Auburn University reported eight new COVID-19 cases for the week ending Nov. 1, according to data from its COVID-19 Resource Center. After a slight increase the week prior, this is the lowest number the University has recorded since classes began in August.
All eight cases were reported from the University's main campus in Auburn. The GuideSafe Sentinel Testing Program performed 616 tests in the past week, with 0.49% returning a positive result.
In the latest weekly update video, Dr. Fred Kam, director of the Auburn University Medical Clinic, said people should be aware Alabama is entering another wave of the coronavirus.
"Alabama's numbers are starting to climb," Kam said. "We're just below a 10% positivity rate which is up a couple percent from just a few weeks ago, and nationally obviously that's happening including in previous hotspots like New York, Massachusetts and Connecticut and other parts of the country."
Kam said that some European countries, such as Germany, France, the United Kingdom, Ireland and Italy, are reentering lockdowns, noting that the new wave is not just restricted to the United States.
With the data releasing on Election Day, Kam addressed the politicizing of the pandemic in the U.S. He said safeguards against the virus – wearing masks, physical distancing, sanitizing hands and limiting group sizes – will need to be maintained regardless of which party wins the presidency.
"What I've learned so far from this virus is it has no political preference," he said. "It doesn't matter whether you're a Republican, Democrat or just don't vote at all. All that matters is whether you've been infected or not infected. You need to understand that the virus hasn't gone anywhere; it's just as contagious, and it's going to spread."
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Kam thanked the students, faculty and staff at the University and members of the Auburn community who have adhered to guidelines and health recommendations. He also commended fellow healthcare professionals for working diligently during the pandemic, including those in intensive care units.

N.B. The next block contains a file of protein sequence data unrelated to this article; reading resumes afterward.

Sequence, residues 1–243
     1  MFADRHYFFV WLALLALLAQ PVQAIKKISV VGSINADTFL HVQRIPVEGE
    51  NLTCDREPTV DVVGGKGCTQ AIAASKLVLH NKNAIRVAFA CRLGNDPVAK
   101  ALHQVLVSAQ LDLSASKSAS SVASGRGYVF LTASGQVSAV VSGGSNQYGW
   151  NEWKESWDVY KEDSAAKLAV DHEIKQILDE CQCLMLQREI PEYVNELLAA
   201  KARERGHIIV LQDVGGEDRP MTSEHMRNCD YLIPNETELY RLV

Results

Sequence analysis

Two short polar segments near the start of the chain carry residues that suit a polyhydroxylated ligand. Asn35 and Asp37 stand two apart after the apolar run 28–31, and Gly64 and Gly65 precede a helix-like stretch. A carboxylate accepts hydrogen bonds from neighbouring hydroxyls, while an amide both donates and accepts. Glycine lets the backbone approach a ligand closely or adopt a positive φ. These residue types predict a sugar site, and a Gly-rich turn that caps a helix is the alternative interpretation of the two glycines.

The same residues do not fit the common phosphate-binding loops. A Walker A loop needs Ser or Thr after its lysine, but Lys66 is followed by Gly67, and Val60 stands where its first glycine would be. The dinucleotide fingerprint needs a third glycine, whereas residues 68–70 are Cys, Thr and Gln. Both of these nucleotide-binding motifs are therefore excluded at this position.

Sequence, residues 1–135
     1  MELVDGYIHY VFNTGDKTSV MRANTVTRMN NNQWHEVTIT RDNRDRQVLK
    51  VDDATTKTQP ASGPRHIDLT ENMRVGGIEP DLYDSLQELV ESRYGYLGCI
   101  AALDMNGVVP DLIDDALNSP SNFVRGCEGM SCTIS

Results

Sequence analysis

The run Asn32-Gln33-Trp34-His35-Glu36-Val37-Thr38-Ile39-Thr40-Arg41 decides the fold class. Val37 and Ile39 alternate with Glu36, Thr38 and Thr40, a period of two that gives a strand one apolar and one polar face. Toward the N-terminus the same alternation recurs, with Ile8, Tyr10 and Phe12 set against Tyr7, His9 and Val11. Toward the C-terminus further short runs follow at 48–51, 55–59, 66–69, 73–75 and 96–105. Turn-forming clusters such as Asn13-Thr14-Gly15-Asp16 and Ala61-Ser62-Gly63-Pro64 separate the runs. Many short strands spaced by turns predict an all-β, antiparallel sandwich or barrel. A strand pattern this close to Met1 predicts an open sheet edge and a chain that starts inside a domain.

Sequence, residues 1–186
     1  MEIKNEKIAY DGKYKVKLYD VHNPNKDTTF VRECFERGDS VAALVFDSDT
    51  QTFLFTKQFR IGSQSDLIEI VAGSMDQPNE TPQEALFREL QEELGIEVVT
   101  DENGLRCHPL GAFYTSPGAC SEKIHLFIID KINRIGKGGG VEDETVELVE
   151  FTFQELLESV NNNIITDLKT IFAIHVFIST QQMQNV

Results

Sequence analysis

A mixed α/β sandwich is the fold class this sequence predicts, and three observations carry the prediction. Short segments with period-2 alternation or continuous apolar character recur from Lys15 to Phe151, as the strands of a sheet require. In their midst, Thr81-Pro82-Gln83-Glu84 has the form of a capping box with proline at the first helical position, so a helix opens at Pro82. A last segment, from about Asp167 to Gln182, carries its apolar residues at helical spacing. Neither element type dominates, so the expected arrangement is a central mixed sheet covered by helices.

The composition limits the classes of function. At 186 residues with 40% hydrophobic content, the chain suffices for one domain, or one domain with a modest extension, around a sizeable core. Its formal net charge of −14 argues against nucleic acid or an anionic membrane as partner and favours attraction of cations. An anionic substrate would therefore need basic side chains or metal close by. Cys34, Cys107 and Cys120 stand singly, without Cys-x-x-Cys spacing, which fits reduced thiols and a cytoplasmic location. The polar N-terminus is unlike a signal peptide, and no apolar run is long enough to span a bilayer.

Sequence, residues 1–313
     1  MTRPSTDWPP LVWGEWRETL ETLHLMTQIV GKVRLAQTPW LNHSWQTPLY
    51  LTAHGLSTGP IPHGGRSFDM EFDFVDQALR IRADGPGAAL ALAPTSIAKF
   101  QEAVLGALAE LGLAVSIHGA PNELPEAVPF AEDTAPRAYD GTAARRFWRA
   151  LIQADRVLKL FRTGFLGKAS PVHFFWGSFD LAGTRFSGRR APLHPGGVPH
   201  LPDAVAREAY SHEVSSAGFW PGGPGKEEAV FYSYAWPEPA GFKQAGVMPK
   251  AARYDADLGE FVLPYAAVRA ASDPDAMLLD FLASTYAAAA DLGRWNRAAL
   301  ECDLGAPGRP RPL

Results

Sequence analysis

"[Thank you to] all the people that are doing what they should be doing to prevent the number of cases, [more] people getting COVID and possibly the number of people needing to be hospitalized or risking that Auburn University would have been required to go all online," Kam said.
Speaking to parents whose children may be returning home from Auburn for Thanksgiving, Kam said both groups should begin limiting contact with people over the next 14 days ahead of the holiday. He said people always risk bringing it home if they interact with enough people each day.
"Those of you that are going to have vulnerable high-risk people [at Thanksgiving], you may want to take some extra steps, including testing a day or two before you go home," Kam said. "You want to pre-schedule that as best as possible in an effort to decrease the risk of giving it to someone who's vulnerable. Start thinking now, start acting now [and] be responsible."
Temperatures in Auburn have begun to decrease within the last few weeks. Kam said this will create more optimal environments for the virus to spread as people gather indoors.
"Remember this virus started over the wintertime, and here we are 10, 11 months heading into it," he said. "We are going to see more spread because of ... more indoor activities. It will continue to spread, and we have to take that into account as we go through our daily lives and activities."
Kam reiterated the pandemic's mental health effects with days becoming shorter because of the end of Daylight Saving Time on Sunday. This year may see more individuals with seasonal affective disorder because of distancing and reduced events, he said.
"We're in for a period here where people need to pay [an] incredible amount of attention to your mental health and the importance of recognizing your symptoms and getting the necessary help," Kam said.
This "necessary help" can include light therapy and staying socially connected with others, Kam said. He said there is not one individual process that relieves mental health issues, but people checking up on one another and working together to ensure everyone is getting the help they need.
As flu season carries on in tandem with the pandemic, Kam said the clinic is making adjustments to treating patients who do not show COVID-19 symptoms and have not been recently exposed to someone with the virus. According to Kam, individuals in this category showing signs of other infections like strep throat, mono, the common cold or influenza may visit the clinic in person on the second floor.
"We're focusing all our respiratory complaint-type effort to be seen by clinicians in person with the appropriate PPE," Kam said. "I encourage you, if that's the case, please call the clinic or use the patient portal and make an appointment."
For those who have not received flu shots this year, Kam encourages getting the shot this week to have it take effect by Thanksgiving week. Kam said students can receive a free flu shot at the Med Clinic without an appointment, but other options are also available, such as pharmacies or grocery stores.
"When a person gets a flu shot, it takes about 10 to 14 days for it to be effective," he said. "For those of you that are going home or for those of you who are having people come to your home, you're in the last real week of when it's the best time to get the flu shot."
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